Hand in Diagnosis


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In medicine, nail clubbing (also known as drumstick fingers and watch-glass nails) is a deformity of the fingers and fingernails associated with a number of diseases, mostly of the heart and lungs.

Hippocrates was probably the first to document clubbing as a sign of disease, and the phenomenon is therefore occasionally called Hippocratic fingers.

Idiopathic clubbing can also occur, and 60% of cases have no associated underlying disease.

Angle between nail plate and proximal nail fold greater than 180 degrees.



When clubbing is encountered in patients, doctors will seek to identify its cause. They usually accomplish this by obtaining a medical history—particular attention is paid to lung, heart, and gastrointestinal conditions—and conducting a clinical examination, which may disclose associated features relevant to a diagnosis. Additional studies such as a chest X-ray and a chest CT-scan may also be performed


The exact cause for sporadic clubbing is unknown, with numerous theories as to its cause. Vasodilation (distended blood vessels), secretion of growth factors (such as platelet-derived growth factor and hepatocyte growth factor) from the lungs, and other mechanisms have been proposed. The discovery of disorders in the prostaglandin metabolism in primary osteoarthropathy has led to suggestions that overproduction of PGE2 by other tissues may be the causative factor for clubbing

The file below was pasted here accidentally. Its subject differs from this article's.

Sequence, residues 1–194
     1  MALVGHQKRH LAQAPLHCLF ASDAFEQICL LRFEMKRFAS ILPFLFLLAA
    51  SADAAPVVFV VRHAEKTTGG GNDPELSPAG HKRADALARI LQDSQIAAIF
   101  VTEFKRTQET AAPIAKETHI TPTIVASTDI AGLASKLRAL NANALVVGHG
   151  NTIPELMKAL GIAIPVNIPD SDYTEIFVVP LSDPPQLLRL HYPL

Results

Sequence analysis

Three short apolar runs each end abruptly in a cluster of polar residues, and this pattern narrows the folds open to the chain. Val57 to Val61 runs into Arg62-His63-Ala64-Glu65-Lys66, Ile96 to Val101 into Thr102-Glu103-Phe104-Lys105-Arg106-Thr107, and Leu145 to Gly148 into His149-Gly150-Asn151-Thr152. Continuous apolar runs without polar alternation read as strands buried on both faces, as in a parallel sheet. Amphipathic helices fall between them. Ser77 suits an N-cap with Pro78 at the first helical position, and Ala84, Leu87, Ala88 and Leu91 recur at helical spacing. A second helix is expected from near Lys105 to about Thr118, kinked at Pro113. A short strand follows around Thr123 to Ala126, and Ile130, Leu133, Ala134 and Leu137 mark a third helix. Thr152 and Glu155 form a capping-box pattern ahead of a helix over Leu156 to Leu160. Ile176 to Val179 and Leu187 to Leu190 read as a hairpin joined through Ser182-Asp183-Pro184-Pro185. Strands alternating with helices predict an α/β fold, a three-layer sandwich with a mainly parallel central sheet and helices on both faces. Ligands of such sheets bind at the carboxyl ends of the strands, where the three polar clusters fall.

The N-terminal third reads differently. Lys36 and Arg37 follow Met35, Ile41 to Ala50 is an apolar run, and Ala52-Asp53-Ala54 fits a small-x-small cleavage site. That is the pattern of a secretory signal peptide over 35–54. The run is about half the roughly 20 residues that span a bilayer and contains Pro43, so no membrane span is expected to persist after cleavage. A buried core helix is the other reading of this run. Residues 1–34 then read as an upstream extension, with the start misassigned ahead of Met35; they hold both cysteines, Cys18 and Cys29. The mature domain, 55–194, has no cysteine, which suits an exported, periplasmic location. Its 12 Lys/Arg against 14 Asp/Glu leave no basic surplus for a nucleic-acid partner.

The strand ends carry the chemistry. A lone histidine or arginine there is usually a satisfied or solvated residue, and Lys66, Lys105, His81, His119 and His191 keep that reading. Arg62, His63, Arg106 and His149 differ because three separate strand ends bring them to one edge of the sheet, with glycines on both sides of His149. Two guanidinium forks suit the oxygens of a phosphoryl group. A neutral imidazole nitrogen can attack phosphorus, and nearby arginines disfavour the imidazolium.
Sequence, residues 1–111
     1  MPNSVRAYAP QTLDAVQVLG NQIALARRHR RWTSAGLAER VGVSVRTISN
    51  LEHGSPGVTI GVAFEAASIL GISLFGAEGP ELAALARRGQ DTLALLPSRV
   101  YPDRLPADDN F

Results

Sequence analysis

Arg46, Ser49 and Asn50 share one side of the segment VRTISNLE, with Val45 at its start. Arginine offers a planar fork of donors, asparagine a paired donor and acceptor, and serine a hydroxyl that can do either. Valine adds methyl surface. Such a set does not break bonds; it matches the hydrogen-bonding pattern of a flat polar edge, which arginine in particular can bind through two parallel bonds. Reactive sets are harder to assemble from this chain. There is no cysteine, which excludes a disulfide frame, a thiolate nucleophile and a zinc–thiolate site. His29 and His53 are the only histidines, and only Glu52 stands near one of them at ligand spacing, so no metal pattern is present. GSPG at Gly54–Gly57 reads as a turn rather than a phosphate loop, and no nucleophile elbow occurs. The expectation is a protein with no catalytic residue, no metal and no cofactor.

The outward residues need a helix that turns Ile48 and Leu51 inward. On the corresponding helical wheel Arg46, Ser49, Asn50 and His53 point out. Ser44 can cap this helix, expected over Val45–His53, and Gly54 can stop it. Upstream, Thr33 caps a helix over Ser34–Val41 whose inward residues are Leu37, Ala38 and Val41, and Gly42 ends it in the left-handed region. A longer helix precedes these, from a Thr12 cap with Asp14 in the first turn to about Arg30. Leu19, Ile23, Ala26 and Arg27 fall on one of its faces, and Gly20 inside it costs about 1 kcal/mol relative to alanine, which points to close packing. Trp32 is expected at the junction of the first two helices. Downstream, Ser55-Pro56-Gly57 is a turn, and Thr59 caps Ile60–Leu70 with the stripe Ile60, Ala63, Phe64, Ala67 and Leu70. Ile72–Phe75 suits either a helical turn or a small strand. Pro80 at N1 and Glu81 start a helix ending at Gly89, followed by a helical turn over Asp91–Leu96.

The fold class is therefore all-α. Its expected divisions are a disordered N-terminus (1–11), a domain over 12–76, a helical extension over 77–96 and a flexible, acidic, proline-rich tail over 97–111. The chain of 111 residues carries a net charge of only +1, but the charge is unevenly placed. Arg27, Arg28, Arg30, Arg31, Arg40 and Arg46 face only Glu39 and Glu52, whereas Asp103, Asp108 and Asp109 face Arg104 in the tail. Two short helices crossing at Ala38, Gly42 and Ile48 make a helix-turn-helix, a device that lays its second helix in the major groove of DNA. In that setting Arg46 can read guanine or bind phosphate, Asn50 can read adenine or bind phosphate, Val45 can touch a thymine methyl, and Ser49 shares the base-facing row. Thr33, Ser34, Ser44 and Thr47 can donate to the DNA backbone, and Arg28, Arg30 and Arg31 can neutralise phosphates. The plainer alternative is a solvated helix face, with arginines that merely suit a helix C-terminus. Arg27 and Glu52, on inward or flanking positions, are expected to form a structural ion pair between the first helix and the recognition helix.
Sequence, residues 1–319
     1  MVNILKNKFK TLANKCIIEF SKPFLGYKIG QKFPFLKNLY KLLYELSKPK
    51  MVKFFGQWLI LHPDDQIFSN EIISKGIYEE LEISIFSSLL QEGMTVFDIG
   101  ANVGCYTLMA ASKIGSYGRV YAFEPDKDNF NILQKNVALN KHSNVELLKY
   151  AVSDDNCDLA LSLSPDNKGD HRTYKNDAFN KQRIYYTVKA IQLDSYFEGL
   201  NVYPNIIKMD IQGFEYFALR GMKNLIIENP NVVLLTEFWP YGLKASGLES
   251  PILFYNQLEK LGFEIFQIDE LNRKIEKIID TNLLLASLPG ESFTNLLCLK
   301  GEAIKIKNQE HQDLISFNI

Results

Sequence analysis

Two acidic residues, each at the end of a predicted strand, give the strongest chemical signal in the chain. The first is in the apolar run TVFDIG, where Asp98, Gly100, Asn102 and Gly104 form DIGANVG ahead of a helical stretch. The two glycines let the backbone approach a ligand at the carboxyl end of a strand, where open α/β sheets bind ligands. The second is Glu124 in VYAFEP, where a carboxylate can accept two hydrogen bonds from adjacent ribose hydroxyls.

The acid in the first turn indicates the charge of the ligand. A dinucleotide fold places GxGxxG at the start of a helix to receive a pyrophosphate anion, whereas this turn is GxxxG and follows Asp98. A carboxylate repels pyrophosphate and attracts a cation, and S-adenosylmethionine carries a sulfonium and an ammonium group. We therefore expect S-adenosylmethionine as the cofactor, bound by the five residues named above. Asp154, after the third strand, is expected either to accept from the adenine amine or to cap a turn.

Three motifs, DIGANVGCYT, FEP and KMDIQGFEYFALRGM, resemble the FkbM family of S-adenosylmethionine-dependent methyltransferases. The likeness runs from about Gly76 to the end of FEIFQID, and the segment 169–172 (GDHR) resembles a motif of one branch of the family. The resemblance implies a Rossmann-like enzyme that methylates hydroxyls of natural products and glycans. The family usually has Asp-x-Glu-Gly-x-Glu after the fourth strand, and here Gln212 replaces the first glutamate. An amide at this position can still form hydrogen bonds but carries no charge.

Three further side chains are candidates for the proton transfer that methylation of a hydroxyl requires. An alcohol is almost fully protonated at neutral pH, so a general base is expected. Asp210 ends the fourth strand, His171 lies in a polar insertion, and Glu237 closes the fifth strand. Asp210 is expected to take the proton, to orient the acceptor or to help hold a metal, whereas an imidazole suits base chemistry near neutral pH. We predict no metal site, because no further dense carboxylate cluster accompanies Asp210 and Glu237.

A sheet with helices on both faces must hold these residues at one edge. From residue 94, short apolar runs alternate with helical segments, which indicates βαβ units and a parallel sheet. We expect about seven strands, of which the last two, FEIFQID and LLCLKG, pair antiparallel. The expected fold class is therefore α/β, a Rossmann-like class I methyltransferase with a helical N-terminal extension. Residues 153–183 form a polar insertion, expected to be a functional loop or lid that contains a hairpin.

Important causes of clubbing in the adult:

  • Lungs
    • Lung Cancer (clubbing is in general an ominous sign for this, and remember “beware of the yellow clubbed digit”. (Yellow from nicotine, and clubbed from cancer).
    • Pus in the lung (bronchiectasis as in CF, but also lung abscess and empyema)
    • Pulmonary Fibrosis
    • COPD IS NOT A CAUSE OF CLUBBING (if you seen clubbing in a COPD patient, think lung cancer)
  • Heart
  • There are other causes of clubbing, outside the heart and lungs, but these are the important ones.
  • If a patient has painful wrists, painful ankles and comes to see you and you miss that they also have clubbing, you will go down the wrong path looking for RA etc, when what they have is Hypertrophic Pulmonary Osteoarthropathy. The causes of HPOA are the same as those of clubbing.

Pseudoclubbing: distinguished from clubbing by the preservation of the nail-fold angle and bony erosion of the terminal phalanges on radiography. Pseudoclubbing is also more likely to be asymmetric.



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